Expressing its gratitude to the Swedish band, which raised money for its rescue, Heugh Battery Museum in Hartlepool, England, will pay them the highest price.
In particular, in view of Sabaton’s visit to the museum on Thursday, March 3, shortly before the release of their new album “The War To End All Wars”, the director, Diane Stevens, will give the band guitarist Chris Rorland the opportunity to to fire a 15kg Ordnance Quick Fire cannon of World War II, which is kept on its premises.
This is a cannon used in ceremonies and events such as Armed Forces Day, Queen’s anniversary, etc.
It is worth noting that Chris is probably the most competent of the band to fire the cannon, as he has served in the A9 Artillery Regiment of the Swedish Army. In fact, he will become the first non-British veteran to fire the cannon.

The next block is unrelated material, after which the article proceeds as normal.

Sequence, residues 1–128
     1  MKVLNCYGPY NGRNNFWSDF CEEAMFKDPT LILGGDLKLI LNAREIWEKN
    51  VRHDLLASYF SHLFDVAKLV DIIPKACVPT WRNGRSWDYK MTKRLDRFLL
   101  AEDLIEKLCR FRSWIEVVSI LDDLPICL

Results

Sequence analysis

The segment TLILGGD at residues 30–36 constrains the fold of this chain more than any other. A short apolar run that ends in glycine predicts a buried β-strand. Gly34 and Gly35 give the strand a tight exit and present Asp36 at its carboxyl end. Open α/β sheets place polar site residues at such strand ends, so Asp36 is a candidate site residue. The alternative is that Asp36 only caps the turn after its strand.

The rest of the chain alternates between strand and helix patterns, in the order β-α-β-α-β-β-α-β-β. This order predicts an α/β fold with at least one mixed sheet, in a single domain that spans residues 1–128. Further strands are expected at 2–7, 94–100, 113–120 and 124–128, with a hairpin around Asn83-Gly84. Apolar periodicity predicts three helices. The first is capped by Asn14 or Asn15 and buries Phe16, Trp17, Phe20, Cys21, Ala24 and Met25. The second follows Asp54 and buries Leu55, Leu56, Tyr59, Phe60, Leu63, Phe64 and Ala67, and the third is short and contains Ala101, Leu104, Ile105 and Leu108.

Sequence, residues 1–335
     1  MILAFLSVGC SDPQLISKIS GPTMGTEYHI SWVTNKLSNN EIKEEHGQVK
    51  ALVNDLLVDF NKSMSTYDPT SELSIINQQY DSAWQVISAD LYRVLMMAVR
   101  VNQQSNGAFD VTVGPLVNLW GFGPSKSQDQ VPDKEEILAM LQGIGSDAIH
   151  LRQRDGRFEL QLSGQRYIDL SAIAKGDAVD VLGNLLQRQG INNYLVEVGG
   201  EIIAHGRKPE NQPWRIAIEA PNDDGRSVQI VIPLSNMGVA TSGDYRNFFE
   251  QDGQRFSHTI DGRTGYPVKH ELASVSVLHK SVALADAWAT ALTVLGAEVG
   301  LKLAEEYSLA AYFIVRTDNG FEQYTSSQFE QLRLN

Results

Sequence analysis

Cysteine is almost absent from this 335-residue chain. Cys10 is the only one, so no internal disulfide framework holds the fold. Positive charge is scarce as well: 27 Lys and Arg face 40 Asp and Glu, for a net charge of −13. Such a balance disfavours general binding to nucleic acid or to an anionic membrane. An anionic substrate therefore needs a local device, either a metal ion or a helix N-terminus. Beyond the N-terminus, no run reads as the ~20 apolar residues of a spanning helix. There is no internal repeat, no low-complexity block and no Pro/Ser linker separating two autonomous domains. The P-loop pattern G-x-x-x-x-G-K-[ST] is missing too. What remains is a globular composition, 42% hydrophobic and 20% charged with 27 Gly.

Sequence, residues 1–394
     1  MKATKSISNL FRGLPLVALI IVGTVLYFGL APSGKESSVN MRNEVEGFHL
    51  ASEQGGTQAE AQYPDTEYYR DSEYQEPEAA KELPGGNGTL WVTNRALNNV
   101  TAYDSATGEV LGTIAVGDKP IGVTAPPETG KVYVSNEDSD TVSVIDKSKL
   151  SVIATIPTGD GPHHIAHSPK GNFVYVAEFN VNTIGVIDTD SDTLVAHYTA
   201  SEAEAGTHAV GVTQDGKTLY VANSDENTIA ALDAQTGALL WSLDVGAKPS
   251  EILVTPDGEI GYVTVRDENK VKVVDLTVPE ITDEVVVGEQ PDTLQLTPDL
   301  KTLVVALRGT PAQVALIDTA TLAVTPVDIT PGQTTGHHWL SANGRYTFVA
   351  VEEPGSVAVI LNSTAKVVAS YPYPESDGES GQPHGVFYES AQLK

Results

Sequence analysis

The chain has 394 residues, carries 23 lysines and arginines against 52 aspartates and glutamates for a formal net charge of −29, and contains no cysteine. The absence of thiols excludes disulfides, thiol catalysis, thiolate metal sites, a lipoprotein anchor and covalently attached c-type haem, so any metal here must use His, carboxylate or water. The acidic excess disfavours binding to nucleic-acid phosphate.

In May2019, when the band learned that the museum was threatened with closure due to lack of funding, they rushed to raise money by putting a special t-shirt on sale and organizing a crowdfunding campaign. Eventually, they managed to raise more than 4 thousand pounds.
“Sabaton have been a huge support to us in our fundraising efforts and for that we hope to show our gratitude,” says Stephens. “We really believe that their music brings history to a wide audience who then become visitors to the museums of the world — so they support many museums, not just us.”
The museum tells the story of the Bombardment of the Hartlepools, which took place on Wednesday 16th December 1914, when the guns of the battery were engaged in ship-to-shore combat with the German navy.
The site of the Heugh Gun Battery has been a military position since the 17th century. Now the Heugh Battery Museum sits on the site of the only First World War battlefield in Britain.
The museum boasts a large and eclectic collection of military artefacts and artillery pieces from throughout history.